Rhine pressed both his relevant conduct and Sixth Amendment arguments on appeal. The court of appeals agreed that the district court erred in treating the Fish Bowl offenses as relevant conduct. There was no evidence that the Fish Bowl conduct and the instant offense were part of a common scheme or plan, because there were no common participants, no common modus operandi (large-scale supplier at Fish Bowl vs. small-quantity dealer here), and no common purpose. On that last point, the court noted—as it has before—that "the only common purpose linking the two offenses is Rhine’s motivation to profit from the distribution of crack cocaine, which—like the marijuana importation in Wall—is by itself insufficient to connect the offenses as separate parts of a common scheme or plan."

Nor was there sufficient evidence from which to conclude that the offense were part of the same course of conduct, which is assessed with reference to "'the degree of similarity of the offenses, the regularity (repetitions) of the offenses, and the time interval between the offenses.'" First, at least 17 months passed between the Fish Bowl conduct and the instant offense.
Although not dispositive, a hiatus this large suggests that temporal proximity is lacking. We also find counter-indicative the lack of evidence that Rhine engaged in any intervening criminal activity, the presence of which might link his earlier conduct to the offense of conviction. The government urges us to overlook this shortcoming, insisting that the apparent lack of intervening criminal activity is solely the result of the informants’ imprisonment on federal drug convictions—and not Rhine’s voluntarily abstention from criminal activity. This argument is unpersuasive, as it suggests that Rhine has the burden of proving the negative fact that he did not engage in any intervening criminal activity, when in fact it is incumbent on the government to show the positive fact of Rhine’s continued drug distribution activities.
(emphasis added). Second, there were significant differences between the two offenses: "The quantities, methods of distribution, participants, and nature of the transactions—as well as the defendant’s role in them—all vary substantially." The instant offense involved a sale of a small quantity to an individual user, whereas Rhine's Fish Bowl participation involved supplying large quantities to a number of mid-level dealers. There was also "no evidence that the cocaine forming the basis for Rhine’s offense of conviction shared a common source, supplier, or destination with the cocaine involved in the Fish Bowl activities." Third,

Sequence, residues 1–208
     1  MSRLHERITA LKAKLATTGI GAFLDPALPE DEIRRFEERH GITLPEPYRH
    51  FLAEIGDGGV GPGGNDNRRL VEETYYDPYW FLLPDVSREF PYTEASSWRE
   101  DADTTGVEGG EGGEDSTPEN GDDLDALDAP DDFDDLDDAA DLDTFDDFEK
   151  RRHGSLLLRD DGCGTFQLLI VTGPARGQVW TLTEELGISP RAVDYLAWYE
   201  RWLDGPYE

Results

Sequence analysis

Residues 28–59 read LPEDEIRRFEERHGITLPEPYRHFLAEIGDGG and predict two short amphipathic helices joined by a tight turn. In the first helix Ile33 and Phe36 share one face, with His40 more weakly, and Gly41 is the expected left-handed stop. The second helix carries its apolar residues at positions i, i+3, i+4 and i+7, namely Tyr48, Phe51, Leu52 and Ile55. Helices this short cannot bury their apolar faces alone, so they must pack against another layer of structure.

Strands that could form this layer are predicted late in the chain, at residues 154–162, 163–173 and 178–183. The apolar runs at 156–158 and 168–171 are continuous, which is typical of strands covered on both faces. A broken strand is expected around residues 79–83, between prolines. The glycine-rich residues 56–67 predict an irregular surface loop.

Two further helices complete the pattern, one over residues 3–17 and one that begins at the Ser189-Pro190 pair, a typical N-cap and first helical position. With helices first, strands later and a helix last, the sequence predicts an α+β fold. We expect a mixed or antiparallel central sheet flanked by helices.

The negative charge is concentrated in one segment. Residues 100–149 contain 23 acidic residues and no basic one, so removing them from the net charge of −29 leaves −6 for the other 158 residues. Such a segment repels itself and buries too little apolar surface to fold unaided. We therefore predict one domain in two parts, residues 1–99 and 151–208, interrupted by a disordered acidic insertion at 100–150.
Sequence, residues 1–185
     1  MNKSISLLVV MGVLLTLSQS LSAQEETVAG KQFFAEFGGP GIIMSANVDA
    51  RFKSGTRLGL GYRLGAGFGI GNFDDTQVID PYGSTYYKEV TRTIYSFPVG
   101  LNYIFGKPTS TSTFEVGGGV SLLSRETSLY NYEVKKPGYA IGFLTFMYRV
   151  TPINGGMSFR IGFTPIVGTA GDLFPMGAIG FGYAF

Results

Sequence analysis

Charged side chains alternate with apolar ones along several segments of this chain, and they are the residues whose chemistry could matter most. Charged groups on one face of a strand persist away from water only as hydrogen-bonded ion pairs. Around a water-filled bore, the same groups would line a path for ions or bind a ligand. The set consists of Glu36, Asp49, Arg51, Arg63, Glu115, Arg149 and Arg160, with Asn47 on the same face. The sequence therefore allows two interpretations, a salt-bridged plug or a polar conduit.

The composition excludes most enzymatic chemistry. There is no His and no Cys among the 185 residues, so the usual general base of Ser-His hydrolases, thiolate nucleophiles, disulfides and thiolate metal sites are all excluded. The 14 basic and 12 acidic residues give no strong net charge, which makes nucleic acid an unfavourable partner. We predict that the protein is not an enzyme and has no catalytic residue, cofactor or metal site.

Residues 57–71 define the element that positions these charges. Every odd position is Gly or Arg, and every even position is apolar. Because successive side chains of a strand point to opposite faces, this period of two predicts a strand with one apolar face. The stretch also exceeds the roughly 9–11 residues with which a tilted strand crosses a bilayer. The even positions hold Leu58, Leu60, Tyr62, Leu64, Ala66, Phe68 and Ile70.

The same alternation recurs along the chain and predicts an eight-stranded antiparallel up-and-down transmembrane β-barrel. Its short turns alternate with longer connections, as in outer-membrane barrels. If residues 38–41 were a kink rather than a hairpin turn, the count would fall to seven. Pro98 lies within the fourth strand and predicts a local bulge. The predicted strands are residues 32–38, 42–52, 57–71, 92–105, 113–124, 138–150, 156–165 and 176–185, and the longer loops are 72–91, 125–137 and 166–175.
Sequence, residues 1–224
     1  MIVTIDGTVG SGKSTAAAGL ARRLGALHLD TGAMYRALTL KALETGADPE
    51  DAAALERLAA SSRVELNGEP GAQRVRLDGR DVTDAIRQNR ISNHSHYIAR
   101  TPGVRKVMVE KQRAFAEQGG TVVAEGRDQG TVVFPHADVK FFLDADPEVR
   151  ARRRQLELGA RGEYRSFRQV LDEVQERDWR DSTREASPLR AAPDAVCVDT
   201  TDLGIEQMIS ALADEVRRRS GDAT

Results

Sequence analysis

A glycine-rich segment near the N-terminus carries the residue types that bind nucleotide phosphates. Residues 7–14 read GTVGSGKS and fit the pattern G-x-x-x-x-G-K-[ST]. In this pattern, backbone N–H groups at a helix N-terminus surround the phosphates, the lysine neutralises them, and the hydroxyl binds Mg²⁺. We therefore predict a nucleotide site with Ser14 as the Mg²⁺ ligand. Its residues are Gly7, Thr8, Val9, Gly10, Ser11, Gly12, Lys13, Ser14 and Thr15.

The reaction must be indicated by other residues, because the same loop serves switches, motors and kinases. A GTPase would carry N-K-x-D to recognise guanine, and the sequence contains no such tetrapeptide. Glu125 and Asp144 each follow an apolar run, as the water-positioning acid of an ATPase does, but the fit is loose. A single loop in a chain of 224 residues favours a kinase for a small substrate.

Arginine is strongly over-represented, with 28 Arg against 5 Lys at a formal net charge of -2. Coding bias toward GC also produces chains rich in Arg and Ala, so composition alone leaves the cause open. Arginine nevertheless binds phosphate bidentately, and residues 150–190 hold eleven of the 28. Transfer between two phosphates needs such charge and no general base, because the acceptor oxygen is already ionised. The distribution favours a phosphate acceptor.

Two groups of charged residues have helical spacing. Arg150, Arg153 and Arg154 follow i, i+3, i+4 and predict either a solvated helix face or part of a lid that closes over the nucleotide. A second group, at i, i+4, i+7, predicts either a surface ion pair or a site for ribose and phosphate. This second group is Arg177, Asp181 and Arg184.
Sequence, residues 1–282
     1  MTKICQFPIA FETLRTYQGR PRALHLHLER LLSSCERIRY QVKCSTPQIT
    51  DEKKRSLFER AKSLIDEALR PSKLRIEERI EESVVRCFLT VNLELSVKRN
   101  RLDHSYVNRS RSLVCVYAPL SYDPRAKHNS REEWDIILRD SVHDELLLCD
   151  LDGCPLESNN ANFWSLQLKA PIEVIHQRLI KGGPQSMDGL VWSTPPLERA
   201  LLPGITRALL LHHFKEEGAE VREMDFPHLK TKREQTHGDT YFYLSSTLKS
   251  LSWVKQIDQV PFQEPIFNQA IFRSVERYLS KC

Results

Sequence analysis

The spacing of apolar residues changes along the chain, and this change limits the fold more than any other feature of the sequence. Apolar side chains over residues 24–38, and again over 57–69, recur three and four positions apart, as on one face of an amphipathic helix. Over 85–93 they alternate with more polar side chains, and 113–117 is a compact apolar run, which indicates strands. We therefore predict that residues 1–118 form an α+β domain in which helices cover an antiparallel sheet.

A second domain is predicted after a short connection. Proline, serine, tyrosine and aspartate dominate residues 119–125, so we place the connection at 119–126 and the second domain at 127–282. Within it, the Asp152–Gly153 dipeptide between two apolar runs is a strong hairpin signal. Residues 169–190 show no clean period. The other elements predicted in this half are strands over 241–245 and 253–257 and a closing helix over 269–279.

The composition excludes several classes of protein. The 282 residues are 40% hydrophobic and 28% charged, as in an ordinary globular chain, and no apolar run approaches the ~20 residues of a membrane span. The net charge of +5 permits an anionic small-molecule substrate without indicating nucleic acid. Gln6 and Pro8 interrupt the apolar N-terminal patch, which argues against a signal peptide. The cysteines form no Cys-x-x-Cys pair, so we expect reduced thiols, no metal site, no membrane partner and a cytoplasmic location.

[a]fter reviewing the instant record, we conclude that regularity is lacking, as there is no evidence that Rhine engaged in any intervening criminal activity—much less drug distribution—between the Fish Bowl drug-trafficking ring and his offense of conviction. Without even a scintilla of evidence that Rhine sold drugs in the interim, the government nevertheless seeks to shift the burden to Rhine, insisting that he must prove the negative fact that he did not engage in a series of similar drug transactions. But we decline to adopt the government’s assertion that regularity is present merely because of Rhine’s inability to disprove an assertion that already finds no support in the record, and conclude instead that there is no evidence of intervening or repetitious criminal behavior that might link the two incidents together.
(emphasis added).

I think there's a couple of important things worth noting about this case. First, the court of appeals accepted the allegations concerning Rhine's alleged Fish Bowl participation as true. It nevertheless held that the Fish Bowl offenses weren't relevant conduct. So,depending on the facts of the case, you might be able to fight relevant conduct on sufficiency-of-the-evidence-type grounds, notwithstanding plenty of unfavorable case law on burdens and the evidentiary weight given to PSRs. Second, and related to the first point, the court twice emphasized where the burden lies on this issue: with the Government. Even assuming the truth of the Fish Bowl allegations, there still wasn't enough evidence to show a common scheme or plan or a same course of conduct. The Government can't carry its burden by saying that a defendant has failed to disprove a link.

Now you might be asking yourself: why was this opinion published? Strictly speaking, it just applies existing precedent, doesn't break any new ground, and the issue is very fact-specific. One obvious possibility is the severity of the sentence. I'm not sure what the Guidelines range would have been without the Fish Bowl conduct, but it probably wouldn't have been anywhere near 30 years. And there's something that just seems wrong about effectively sentencing a defendant for conduct for which the Government evidently concluded it couldn't even secure an indictment, much less a conviction. Another possibility is that court sees a need to police overbroad application of the relevant conduct guideline, as it has done in other recent decisions like this, this, and this.

One more thing: Rhine's Sixth Amendment argument. Here's what the court had to say about that:
Having concluded that Rhine’s alleged participation in the Fish Bowl drug-trafficking-ring cannot properly be considered relevant conduct, we need not address the merits of his Sixth Amendment claim. We note, however, that the claim is foreclosed by our precedent.
It's hard to say what to make of this, because the opinion doesn't explain Rhine's argument in detail. Was he arguing that any judicial fact-findings categorically violate the Sixth Amendment (a tough row to hoe post-Booker), or was it an as-applied argument that Justice Scalia suggested in his Rita concurrence? It's hard to say without looking at the briefs, but note that the two cases the court cites as foreclosing the issue were both decided before Rita; nothing in those opinions indicates that the court was passing on an as-applied argument of the sort that Justice Scalia posited; and in one of them the defendant admitted the relevant conduct, which eliminates the Apprendi issue.